The English Renaissance represents a late blossoming of the general cultural “rebirth” in Western Europe characterized by the recovery of Greek and Roman classics, the celebration of the multifaceted individual, and a renewed emphasis on the secular world. Alternatively labeled “the early modern period,” this era also saw the voyages of Columbus, the development of the printing press, the Protestant Reformation, and the rise of centralized monarchies. English writers expressed the vitality and volatility of the Renaissance/early modern period in an outburst of prose, poetry, and drama that spanned the end of the sixteenth century and the beginning of the seventeenth century. This quarter, we will focus on Thomas More’s Utopia, written in the wake of the first Spanish-sponsored voyages to the Americas; a wide range of writings by and about Queen Elizabeth I, who was known as both “the virgin queen” and a “female king”; and Shakespeare’s late play, The Tempest, which engages questions related to England’s emerging global imperial project. This course should interest students in literature (English and comparative), history, global studies, and women’s studies, as well as related disciplines.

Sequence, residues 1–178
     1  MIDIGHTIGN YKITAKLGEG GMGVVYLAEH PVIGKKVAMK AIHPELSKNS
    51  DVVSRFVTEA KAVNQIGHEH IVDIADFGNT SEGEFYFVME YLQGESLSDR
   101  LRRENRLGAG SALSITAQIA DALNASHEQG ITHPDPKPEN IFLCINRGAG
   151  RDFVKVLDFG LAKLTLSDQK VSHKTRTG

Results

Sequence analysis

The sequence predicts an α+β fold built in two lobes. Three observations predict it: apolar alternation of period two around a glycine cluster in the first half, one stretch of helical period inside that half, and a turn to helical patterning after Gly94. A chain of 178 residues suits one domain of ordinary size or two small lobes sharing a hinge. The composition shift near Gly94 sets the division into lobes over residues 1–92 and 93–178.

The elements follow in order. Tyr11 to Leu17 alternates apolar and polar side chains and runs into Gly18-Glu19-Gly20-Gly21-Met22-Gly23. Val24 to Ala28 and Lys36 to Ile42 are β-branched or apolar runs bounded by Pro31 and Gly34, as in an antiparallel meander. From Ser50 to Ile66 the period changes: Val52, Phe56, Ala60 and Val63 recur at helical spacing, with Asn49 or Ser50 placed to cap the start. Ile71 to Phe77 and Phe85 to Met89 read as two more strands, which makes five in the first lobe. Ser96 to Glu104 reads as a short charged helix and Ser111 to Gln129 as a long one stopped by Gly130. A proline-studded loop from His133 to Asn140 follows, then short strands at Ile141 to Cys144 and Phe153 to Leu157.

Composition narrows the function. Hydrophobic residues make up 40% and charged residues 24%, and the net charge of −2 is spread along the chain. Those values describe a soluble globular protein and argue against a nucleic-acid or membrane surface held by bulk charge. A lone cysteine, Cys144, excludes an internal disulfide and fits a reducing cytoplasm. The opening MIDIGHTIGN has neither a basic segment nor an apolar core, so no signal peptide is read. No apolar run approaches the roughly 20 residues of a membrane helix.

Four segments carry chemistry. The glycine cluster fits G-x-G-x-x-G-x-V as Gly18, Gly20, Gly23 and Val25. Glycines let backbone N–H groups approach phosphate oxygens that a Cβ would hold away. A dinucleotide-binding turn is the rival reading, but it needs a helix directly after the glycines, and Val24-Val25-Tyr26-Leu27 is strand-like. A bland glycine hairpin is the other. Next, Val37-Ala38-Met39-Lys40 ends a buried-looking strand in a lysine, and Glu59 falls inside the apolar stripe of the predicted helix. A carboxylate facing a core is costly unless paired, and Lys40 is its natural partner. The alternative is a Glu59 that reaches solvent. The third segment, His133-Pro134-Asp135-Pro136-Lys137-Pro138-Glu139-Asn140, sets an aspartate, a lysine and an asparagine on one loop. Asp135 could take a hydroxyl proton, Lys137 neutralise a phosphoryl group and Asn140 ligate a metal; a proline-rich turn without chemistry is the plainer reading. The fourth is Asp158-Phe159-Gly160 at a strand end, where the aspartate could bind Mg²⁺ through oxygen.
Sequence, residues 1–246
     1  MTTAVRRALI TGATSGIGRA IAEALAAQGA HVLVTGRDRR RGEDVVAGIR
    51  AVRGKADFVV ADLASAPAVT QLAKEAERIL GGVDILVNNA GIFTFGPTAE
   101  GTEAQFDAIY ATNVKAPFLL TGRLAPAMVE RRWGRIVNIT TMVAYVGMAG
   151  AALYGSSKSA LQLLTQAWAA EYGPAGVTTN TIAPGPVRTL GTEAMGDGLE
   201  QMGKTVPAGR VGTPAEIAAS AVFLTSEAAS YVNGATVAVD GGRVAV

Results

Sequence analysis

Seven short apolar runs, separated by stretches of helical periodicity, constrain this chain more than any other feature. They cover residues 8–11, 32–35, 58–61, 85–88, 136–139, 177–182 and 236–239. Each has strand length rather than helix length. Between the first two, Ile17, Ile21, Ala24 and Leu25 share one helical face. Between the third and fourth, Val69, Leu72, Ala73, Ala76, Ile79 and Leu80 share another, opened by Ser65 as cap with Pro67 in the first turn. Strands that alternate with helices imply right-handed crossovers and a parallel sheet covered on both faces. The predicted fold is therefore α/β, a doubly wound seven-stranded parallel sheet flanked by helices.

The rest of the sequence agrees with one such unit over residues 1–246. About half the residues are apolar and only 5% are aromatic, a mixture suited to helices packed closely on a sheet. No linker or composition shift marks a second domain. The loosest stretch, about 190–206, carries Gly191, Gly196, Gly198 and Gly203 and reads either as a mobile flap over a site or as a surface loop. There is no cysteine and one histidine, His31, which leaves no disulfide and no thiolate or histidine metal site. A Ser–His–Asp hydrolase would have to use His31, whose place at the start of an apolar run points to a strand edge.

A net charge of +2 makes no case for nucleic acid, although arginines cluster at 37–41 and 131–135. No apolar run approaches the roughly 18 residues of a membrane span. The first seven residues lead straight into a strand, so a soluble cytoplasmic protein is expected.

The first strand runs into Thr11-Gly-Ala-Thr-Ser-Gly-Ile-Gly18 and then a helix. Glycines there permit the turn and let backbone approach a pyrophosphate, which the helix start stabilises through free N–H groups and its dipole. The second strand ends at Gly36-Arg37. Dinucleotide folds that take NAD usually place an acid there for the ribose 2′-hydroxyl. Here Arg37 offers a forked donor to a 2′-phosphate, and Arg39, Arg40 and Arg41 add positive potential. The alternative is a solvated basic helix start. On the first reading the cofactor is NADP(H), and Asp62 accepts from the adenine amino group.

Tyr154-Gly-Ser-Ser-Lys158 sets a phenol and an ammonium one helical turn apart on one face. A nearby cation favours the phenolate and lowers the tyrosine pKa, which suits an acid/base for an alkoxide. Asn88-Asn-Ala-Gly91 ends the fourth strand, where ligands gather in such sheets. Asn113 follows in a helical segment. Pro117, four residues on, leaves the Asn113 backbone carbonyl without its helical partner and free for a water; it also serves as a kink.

The following editions are required for the course:
Brotton, Jerry. The Renaissance: A Very Short Introduction. Oxford: Oxford University Press, 2006.
Elizabeth I, Queen. Elizabeth I and Her Age. Ed. Susan M. Felch and Donald V. Stump. New York: Norton, 2008.
More, Thomas. Utopia. 3rd edition. Ed. Robert M. Adams and George M. Logan. New York: Norton, 2010.
Shakespeare, William. The Tempest. Ed. Peter Hulme and William H. Sherman. New York: Norton, 2003.